Maxxima, a division of Panor Corp, is a leading manufacturer and supplier of various LED lighting products for commercial vehicles, including Stop, Tail & Turn Lights and Head Lights. Maxxima has receive patents for innovative designs and functions, which has allowed the company to provide high quality lighting units for customers. During development, engineers create digital designs of potential 3D printed headlight prototypes to determine if the design is functional and ready for to scale production.

‚ÄčBroadband Upgrade – $65 billion

The legislation calls for $65 billion in improving broadband access for rural areas, low-income families, and tribal communities. Most of this would be granted through State disbursements. This could significantly increase access to internet services for underserved populations. This component will require developments in antenna technology as well as satellite technologies.

Airports, Ports and Waterways (Including Water Infrastructure) – $97 billion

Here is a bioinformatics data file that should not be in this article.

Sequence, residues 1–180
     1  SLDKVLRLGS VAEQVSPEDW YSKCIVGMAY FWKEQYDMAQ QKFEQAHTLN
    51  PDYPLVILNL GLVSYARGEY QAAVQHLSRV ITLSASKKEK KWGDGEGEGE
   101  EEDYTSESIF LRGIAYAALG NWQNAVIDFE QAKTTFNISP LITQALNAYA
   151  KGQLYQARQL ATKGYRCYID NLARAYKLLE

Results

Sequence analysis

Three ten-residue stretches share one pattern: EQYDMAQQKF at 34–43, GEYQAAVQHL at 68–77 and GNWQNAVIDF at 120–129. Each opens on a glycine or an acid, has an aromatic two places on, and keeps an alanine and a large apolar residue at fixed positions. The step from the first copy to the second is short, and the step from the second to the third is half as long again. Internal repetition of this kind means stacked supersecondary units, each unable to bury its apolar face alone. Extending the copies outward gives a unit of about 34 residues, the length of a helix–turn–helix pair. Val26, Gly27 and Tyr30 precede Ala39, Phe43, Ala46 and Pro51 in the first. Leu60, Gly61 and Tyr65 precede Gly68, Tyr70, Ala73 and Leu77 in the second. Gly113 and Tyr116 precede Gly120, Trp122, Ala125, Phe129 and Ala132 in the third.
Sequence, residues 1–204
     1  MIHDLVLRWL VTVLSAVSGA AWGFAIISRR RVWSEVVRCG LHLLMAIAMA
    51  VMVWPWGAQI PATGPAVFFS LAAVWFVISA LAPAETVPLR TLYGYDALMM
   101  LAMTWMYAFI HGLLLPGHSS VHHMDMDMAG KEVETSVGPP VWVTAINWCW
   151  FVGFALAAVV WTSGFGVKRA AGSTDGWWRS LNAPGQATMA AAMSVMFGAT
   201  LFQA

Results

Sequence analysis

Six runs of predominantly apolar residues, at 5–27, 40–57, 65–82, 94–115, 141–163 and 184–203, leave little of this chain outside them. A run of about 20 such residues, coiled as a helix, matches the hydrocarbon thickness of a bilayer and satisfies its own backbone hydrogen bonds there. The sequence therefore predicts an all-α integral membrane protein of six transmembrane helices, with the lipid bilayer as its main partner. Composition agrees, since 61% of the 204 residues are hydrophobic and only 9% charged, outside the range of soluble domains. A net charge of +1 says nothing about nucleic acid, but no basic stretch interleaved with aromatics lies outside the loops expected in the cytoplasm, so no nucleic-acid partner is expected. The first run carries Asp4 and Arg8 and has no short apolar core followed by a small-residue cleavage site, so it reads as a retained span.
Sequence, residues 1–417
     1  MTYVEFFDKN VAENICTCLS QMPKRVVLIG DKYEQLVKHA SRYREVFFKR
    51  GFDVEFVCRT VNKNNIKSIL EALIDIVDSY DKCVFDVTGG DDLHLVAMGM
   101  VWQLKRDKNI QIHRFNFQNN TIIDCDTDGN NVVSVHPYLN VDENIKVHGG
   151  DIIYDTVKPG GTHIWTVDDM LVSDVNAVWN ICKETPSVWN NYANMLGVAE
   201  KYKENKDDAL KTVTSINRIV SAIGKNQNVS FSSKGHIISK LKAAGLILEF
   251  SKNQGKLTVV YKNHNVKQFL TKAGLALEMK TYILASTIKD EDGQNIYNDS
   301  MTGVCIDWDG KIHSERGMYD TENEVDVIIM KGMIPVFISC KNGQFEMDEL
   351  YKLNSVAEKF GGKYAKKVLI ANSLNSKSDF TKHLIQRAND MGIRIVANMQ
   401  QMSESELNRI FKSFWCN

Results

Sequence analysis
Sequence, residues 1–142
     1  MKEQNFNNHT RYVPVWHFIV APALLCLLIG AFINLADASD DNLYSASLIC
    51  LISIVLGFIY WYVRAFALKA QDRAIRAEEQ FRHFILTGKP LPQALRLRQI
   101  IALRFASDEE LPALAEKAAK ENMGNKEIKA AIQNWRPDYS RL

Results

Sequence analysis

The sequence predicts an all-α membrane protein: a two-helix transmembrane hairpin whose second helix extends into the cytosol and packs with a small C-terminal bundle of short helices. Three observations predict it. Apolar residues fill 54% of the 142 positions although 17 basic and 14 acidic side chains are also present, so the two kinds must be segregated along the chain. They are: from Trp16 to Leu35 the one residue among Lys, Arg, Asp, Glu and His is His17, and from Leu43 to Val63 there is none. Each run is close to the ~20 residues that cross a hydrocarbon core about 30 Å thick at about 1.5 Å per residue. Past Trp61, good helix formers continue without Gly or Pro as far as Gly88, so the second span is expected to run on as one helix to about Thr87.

The passage of the Bill will bring $42 billion to airport, port and waterway improvements. Airports and ports are key to our trade and travel. We must keep these infrastructure points up to date to improve our supply chain distribution processes and ensure safe and effective global and local trade. We have previously written about how 3D printing impacts the marine industry, particularly Singapore being Asia’s 3D printing capital.

Power & Water System Resiliency (Including Cyber Security) – $50 billion

The Bill approves $50 billion in funds to strengthen and make our infrastructure more resilient to elements of climate change and cyber threats. The passage of this legislation includes funds to protect our infrastructure against droughts and flooding. It is the largest investment to date in building the resilience of both physical and natural systems in American history.

Electric Grid – $65 billion

A combined total of $65 billion has been allocated to rebuilding the electric grid in our nation. The purpose of this is to modernize the electric grid so that it is able to carry more renewable energy . This is the single, largest federal investment in US power transmission history. The current state of the US electric grid fails to provide cybersecurity, extreme weather events (i.e. heat waves or Nor’easters), or the ability to integrate utility-scale clean energy resources such as solar, wind, and electric vehicles. The goal being a grid that deploys clean electricity generation and high-voltage transmission that provides economical, reliable, and clean electricity nationwide.

Electric Vehicles – $7.5 billion